Allison-Madueke Reaffirms Oil Tender to Hold This Year

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Allison-Madueke Reaffirms Oil Tender to Hold This Year

Post  nex on Sat Jul 31, 2010 7:56 am

The Federal Gove-rnment has reaffirmed plans to conduct a new oil licensing round this year, during which at least 40 blocks ranging from deepwater oil blocks to marginal fields will be concessioned to prospective investors.

Minister of Petroleum Resources, Mrs. Diezani Allison-Madueke, who disclosed this yesterday, said Nigeria expects interest from countries ranging from China and the United States of America.

Although, she was silent on the total number of oil blocks to be put up for tender and when exactly the licensing round would hold, industry sources said last night that most of the blocks will come from the onshore and offshore fields.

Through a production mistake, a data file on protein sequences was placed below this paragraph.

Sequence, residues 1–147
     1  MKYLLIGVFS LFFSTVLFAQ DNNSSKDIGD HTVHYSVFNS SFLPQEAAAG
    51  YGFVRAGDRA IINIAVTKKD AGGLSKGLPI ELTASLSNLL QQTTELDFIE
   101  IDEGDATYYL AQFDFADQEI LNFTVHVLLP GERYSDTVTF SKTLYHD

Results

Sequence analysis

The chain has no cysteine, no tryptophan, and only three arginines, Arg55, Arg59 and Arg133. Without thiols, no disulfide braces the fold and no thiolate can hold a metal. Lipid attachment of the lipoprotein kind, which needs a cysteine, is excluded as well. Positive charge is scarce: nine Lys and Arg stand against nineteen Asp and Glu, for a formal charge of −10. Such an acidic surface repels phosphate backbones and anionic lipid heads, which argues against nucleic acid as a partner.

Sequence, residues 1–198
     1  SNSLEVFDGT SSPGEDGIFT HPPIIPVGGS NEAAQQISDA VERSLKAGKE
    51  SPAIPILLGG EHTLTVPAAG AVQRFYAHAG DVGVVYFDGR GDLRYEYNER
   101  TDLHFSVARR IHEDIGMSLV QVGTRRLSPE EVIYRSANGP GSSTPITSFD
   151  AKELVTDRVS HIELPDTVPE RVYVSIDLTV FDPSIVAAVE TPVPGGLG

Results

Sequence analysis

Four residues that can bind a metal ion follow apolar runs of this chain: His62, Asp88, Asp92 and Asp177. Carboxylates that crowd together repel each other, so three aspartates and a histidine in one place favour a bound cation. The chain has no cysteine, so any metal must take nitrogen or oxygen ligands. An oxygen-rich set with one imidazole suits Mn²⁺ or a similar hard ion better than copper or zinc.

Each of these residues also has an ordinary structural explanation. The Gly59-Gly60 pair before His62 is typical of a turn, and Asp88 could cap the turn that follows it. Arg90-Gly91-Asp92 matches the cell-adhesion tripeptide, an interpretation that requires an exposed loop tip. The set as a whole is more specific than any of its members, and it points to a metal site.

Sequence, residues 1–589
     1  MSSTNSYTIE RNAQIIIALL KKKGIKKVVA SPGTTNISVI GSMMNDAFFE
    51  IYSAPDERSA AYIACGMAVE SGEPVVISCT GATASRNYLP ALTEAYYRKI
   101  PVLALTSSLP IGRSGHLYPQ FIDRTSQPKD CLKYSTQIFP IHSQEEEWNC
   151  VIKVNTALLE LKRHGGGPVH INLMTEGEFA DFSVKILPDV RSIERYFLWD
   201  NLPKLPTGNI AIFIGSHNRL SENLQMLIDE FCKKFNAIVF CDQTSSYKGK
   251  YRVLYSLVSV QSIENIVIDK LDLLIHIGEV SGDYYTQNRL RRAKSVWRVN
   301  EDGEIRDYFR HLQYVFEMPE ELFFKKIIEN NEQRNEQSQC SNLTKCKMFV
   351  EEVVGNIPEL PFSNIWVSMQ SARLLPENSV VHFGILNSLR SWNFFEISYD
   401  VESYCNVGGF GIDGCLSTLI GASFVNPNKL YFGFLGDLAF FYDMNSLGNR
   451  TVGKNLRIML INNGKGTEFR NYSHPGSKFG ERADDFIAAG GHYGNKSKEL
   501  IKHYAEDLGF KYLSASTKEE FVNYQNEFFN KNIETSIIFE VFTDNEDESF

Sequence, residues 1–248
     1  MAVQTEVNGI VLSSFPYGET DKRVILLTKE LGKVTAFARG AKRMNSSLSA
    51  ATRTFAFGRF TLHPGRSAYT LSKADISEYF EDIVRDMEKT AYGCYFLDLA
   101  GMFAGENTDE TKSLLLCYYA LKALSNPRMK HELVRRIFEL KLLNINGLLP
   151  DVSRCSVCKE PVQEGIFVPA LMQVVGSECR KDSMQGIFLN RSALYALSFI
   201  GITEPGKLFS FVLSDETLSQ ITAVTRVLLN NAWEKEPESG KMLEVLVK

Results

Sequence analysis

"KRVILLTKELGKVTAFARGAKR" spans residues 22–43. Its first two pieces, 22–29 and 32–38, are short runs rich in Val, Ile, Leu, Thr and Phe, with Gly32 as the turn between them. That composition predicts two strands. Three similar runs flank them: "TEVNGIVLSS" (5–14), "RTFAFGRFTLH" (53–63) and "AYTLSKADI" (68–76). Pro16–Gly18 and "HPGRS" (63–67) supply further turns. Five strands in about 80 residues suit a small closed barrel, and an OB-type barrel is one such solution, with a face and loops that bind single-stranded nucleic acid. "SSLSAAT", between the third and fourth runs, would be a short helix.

“There will be a licensing round before the end of the year. There will be at least 40 blocks in the marginal bid round. China is always interested but there are a wide variety of interested parties, including America," Reuters quoted the Minister as saying.

She also said most of the joint venture oil companies are expected to offer up marginal leases for sale in the bid round, in line with federal government’s bid to encourage greater participation by indigenous companies in the oil and gas sector.

The delay in the passage of the Petroleum Industry Bill has been blamed for the inability by the petroleum ministry to conduct a bid round.Its delay has also slowed down investment in several oil and gas projects and has impacted on the renewal of expired leases held by international oil companies.